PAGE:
Can a female athlete be competitive on the field, but turn around and be a beauty queen? Of course. One may have thick thighs, robust shoulders, and undeniable strength as an athlete but turn around and clean up ever so nice after a tough day on the field or In the gym. Much like my Jeep. Pretty doesn’t have to be dainty and reserved. Something nice to look at without much substance. As much as others may try to pigeonhole us to be just one way, we can resist and embrace all of who we are.

People are versatile just like my Jeep. Big tires, thick thighs they are both purposeful in their own way. In honor of my look pretty play dirty mantra, check out the new decal riding around on my Jeep these days. There may or may not be another underlying message in the decal.

Despite the rollout of the new Bronco by Ford, I am still a Jeep girl. Still waiting for the Blazer to roll out but Jeep girl it is for now. Who knows what my next evolution will be?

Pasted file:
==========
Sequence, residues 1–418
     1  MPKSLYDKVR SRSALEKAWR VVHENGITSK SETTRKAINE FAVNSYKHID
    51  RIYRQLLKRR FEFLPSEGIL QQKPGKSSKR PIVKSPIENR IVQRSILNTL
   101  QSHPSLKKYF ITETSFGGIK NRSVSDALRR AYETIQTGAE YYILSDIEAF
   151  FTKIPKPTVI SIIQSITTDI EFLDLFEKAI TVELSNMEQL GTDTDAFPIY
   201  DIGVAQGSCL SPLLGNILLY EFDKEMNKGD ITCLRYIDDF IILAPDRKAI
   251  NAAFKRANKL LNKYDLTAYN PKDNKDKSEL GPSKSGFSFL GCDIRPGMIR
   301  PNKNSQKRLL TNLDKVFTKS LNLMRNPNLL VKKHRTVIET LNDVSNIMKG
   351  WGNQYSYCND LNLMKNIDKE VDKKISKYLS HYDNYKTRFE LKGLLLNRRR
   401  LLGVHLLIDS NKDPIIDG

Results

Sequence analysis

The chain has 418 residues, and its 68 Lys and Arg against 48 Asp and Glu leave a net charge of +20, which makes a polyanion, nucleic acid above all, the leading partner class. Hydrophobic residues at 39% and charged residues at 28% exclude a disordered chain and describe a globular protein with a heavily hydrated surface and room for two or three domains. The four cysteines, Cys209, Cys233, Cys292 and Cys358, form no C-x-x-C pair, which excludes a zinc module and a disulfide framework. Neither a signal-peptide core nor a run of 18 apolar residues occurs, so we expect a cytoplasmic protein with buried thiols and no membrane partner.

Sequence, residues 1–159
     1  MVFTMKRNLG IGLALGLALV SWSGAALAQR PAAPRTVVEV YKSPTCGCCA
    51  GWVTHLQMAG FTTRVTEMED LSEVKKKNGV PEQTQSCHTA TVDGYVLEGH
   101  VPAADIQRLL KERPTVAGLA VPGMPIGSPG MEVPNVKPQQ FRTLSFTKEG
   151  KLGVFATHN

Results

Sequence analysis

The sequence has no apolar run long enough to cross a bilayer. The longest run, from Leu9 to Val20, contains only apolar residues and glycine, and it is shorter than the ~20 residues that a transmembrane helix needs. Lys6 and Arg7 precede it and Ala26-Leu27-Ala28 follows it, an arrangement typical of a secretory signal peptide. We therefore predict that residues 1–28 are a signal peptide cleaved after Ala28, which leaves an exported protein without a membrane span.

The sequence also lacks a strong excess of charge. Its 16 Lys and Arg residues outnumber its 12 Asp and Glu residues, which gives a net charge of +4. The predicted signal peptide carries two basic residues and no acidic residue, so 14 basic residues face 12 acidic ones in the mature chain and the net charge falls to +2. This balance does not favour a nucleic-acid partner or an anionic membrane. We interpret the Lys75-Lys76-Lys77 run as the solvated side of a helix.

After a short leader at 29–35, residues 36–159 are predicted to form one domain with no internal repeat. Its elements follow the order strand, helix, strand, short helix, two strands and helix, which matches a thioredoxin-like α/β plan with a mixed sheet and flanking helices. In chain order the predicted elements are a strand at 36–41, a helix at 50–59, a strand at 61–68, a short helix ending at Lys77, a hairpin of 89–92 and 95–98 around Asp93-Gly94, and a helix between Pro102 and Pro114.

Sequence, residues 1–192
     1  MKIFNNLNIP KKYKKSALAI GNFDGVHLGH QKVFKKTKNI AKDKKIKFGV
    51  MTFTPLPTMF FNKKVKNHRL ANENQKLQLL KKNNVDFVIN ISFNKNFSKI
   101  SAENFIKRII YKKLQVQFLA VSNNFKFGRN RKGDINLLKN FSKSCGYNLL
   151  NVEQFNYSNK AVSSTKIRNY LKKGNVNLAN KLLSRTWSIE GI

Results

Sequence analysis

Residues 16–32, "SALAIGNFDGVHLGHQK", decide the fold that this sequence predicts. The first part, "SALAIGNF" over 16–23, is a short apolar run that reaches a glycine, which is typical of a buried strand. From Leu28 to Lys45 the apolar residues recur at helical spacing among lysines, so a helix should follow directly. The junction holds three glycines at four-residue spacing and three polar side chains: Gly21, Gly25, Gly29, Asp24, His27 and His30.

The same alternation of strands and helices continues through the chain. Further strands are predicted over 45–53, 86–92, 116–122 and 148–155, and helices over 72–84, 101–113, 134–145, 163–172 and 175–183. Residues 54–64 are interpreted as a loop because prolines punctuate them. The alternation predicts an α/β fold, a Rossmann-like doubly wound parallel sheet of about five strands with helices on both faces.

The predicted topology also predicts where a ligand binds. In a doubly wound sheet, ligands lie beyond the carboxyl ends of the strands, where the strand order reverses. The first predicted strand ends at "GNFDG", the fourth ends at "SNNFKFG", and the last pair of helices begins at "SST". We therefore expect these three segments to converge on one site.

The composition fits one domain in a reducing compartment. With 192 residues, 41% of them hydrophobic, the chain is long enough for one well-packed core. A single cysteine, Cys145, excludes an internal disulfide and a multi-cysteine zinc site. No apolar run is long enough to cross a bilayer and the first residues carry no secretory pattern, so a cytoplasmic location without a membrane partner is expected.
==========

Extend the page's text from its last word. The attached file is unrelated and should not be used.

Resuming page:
From off road to off work to off the field I am always embracing the look pretty play dirty mantra. What’s your mantra?

mental health

The Inches Between Your Ears

I’ve been dabbling in real estate lately. Mostly just looking and learning. Immersed in the language of square feet, acres, frontage, it’s a different world to play in. Comparing parcels, plats and all of that.  What makes one property more valuable than another?

Recently someone close to me became the subject of an older man’s obsession.  He physically followed her, sitting down the street from her home in a car, watching. He contacted her relentlessly through technology.  He reached out to people close to her and spread lies to try to sow mistrust and take away some of her support system. Even put a secret GPS tracker on her car.  It’s all sick and twisted and disgusting.